When APE started in 1990 the deep foundation world was dominated by foreign machines from France and other countries, even though the advancements were developed in the USA. Inventors in the US were not taking the time or effort to defend their inventions. For example, MKT, a US based company, was the first to introduce a hydraulic vibratory pile driver. Today almost every vibratory machine operates on hydraulic oil.
Another example is H&M’s introduction of the first vibratory pile driver with a rubber suspension. Today nearly every vibratory pile driver has a rubber suspension. H&M patented their invention but failed to defend it. H&M’s technology revolutionized vibratory pile driver suspension systems. It is a dark mark in vibratory pile driving history and a perfect example of what happens when a company fails to protect its intellectual property. APE has led the way in innovation and has placed the USA on top of the world with regards to pile driving technology. The installation of 40 foot diameter concrete piles in China is one example. No other company has driven a pile of that size or weight. It is a world record that may never be broken.APE has also led the industry in patents and has worked very hard to defend its intellectual property. It is a very expensive process to protect patents; APE has spent millions of dollars doing so. We must protect our property from those that wish to steal it. We do so in the name of APE and to protect our customers that have invested in our equipment. Owning APE equipment provides our customers the edge they need to stay competitive. We owe it to them to defend our intellectual property which is also their property as well.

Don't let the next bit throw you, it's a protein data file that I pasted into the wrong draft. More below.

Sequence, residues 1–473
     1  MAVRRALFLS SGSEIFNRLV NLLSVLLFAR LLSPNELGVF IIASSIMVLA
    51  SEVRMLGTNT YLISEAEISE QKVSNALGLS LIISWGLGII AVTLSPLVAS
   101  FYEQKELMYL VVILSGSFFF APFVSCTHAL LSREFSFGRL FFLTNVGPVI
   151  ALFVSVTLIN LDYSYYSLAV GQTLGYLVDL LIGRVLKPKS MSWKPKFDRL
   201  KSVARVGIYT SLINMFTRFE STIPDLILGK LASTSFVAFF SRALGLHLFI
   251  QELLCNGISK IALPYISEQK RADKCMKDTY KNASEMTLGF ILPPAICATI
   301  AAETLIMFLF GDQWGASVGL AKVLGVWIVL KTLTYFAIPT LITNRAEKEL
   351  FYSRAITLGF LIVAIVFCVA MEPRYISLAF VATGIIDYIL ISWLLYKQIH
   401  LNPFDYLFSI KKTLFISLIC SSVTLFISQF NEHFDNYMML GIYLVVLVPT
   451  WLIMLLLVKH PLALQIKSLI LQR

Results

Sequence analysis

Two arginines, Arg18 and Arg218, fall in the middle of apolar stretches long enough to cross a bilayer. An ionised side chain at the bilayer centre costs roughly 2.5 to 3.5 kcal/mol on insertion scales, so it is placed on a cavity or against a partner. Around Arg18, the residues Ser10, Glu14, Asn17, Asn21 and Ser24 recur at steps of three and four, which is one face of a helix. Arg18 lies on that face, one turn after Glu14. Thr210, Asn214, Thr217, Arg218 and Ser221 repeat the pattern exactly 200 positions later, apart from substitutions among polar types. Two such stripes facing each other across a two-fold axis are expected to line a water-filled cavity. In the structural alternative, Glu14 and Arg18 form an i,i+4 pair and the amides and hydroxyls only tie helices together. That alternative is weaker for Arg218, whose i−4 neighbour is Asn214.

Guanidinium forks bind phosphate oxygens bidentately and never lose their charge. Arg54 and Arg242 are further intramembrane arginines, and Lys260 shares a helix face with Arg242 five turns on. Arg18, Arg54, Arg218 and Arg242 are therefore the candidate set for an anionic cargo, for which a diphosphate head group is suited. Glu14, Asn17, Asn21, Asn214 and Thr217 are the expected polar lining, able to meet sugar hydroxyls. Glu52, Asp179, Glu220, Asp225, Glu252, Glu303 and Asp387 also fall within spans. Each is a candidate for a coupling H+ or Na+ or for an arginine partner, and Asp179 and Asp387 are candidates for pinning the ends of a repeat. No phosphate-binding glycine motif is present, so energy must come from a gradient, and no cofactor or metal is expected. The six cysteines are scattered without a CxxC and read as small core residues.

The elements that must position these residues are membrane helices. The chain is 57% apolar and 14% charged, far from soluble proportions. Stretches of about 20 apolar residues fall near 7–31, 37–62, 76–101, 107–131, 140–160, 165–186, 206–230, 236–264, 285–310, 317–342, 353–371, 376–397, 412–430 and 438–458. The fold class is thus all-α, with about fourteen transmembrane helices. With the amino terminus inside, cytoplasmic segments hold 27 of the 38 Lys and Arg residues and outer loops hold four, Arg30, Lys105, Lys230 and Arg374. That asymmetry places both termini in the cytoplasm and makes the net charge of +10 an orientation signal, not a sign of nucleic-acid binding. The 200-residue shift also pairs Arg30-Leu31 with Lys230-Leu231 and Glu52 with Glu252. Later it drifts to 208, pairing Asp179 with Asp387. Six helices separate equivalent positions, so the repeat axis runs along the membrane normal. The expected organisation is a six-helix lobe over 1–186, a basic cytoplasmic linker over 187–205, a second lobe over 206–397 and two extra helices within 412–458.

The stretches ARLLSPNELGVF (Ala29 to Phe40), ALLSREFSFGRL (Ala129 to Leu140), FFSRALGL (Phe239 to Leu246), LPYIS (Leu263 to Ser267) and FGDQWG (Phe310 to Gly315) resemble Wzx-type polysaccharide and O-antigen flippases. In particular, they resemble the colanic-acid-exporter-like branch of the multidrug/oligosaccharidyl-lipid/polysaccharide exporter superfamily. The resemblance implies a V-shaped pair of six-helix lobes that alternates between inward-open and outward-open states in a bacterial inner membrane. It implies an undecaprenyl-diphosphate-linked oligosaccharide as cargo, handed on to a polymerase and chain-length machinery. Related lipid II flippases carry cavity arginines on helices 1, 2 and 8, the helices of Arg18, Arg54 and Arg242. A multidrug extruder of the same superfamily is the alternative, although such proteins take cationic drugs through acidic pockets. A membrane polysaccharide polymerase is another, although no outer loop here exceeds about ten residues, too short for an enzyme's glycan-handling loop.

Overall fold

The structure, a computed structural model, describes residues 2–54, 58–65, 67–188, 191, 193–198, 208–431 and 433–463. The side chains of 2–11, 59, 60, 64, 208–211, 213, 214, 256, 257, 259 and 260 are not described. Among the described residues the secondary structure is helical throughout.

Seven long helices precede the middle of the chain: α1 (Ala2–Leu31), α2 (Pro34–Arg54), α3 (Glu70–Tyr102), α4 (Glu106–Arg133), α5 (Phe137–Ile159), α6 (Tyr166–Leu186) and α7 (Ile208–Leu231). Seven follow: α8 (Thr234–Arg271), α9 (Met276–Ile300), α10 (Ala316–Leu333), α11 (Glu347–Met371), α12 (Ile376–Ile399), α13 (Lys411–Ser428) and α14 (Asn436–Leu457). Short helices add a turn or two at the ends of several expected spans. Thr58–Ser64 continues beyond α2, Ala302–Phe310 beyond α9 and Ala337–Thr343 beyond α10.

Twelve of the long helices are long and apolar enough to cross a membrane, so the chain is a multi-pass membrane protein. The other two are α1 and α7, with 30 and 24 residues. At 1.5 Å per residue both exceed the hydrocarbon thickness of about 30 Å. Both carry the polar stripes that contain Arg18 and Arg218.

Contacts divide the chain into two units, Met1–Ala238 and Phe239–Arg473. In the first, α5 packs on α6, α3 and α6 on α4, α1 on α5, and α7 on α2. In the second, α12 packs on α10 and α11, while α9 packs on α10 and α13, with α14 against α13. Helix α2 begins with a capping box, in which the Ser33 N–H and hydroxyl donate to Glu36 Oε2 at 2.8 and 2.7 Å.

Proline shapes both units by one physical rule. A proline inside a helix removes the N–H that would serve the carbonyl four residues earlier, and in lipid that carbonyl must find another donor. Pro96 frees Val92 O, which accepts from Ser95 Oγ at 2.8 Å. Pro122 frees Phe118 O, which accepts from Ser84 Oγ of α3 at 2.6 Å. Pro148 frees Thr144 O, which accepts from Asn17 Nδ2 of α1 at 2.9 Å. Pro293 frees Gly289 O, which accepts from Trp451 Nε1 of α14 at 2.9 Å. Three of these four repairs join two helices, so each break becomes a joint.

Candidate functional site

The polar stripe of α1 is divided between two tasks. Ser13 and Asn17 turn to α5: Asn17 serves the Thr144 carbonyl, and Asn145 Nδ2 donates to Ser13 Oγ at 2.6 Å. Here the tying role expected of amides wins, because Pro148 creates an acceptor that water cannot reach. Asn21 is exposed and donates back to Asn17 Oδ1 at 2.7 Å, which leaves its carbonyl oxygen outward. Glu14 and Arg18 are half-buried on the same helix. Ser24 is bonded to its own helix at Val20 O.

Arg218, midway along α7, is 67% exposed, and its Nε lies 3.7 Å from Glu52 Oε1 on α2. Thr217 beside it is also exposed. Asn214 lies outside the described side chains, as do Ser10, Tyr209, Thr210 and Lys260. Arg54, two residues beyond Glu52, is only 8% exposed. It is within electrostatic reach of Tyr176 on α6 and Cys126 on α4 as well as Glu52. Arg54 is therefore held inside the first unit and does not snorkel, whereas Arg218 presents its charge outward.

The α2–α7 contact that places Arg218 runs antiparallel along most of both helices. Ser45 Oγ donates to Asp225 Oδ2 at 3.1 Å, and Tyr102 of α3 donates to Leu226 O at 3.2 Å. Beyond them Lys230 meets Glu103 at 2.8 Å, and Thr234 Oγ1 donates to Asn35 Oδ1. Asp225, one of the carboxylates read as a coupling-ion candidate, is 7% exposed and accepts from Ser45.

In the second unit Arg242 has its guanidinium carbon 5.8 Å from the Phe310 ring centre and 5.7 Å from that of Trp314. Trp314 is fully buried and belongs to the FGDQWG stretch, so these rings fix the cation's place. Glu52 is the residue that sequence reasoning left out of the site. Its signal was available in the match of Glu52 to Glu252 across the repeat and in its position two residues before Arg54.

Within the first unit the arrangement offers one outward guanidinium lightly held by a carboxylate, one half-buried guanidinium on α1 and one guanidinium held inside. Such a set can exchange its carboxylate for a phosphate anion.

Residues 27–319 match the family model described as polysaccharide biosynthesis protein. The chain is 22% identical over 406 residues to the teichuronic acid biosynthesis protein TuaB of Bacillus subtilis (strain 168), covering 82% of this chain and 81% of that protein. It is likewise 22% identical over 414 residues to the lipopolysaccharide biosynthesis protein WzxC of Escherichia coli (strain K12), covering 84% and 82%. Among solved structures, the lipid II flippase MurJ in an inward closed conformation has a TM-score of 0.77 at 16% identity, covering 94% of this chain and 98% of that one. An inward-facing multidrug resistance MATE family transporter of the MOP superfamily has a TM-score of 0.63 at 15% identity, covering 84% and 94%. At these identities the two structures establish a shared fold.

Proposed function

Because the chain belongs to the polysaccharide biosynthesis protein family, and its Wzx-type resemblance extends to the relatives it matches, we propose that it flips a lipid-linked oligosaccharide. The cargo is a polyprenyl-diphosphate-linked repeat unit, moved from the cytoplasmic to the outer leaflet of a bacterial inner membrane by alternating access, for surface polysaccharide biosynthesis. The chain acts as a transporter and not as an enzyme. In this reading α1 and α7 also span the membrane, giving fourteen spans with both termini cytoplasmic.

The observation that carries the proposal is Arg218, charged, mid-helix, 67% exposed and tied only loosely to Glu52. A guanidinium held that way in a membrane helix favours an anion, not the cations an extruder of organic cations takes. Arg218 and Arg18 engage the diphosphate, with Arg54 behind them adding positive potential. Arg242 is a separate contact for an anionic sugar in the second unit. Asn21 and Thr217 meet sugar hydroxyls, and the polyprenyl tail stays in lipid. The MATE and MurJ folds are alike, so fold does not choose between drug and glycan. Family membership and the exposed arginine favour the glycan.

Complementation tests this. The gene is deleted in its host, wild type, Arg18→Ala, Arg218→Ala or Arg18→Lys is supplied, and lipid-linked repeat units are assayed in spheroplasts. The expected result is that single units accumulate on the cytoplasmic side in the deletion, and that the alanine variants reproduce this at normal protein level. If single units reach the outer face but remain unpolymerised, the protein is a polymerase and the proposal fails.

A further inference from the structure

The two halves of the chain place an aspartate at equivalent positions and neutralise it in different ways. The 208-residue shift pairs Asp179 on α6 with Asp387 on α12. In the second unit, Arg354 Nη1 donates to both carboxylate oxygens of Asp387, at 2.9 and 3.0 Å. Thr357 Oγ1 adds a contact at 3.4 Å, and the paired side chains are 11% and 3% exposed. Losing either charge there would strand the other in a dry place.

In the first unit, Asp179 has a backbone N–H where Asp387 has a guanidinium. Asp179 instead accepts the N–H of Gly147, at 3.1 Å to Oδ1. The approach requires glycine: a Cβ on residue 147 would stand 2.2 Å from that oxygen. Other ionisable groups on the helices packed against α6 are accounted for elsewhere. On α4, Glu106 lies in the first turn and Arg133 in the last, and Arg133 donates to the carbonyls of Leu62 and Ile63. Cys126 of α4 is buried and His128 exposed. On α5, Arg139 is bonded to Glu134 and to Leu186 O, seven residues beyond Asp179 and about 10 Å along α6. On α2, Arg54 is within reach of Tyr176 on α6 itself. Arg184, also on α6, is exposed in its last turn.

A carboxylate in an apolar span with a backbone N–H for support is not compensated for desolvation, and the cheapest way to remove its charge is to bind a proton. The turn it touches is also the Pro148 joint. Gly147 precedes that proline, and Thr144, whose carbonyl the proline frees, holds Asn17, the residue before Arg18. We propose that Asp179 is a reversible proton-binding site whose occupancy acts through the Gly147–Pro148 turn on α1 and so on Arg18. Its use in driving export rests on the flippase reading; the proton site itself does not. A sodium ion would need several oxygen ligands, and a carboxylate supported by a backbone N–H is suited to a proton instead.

Five of our most expensive patent infringement cases have been against US based companies. We are very pleased to report that APE has never lost a patent infringement case. We have a strong warning for all those that feel they can steal technology from us. We will defend our technology using the court of law. Our legal strategy is to limit losses created by those that steal our technology. APE plans to introduce a new type of vibratory pile driver as well as a new type of impact pile driver at this year’s DFI in October 2009. We encourage all folks involved in the Deep Foundation world to attend the DFI meeting in Kansas City next month.
John L. White
Many years ago APE introduced the Junttan Pile Driving Rig into the USA. It was a very difficult venture because the rig was very expensive. In addition, Junttan’s delivery schedule was more than one year. APE sold one rig to Picone and one to Jet Drive, both New York contractors. There were many issues with parts and service and getting things through customs.
APE’s agreement with Junttan excluded APE from selling to Skanska Companies. The agreement became too restricted plus Junttan wanted to sell direct so we parted ways a few years ago. APE still maintains a fleet of Junttan hydraulic hammers. For the record I want to say that Junttan builds a very nice rig. We are proud to say that we played a very large part of introducing their technology to the USA. We learned from Junttan and they learned from APE.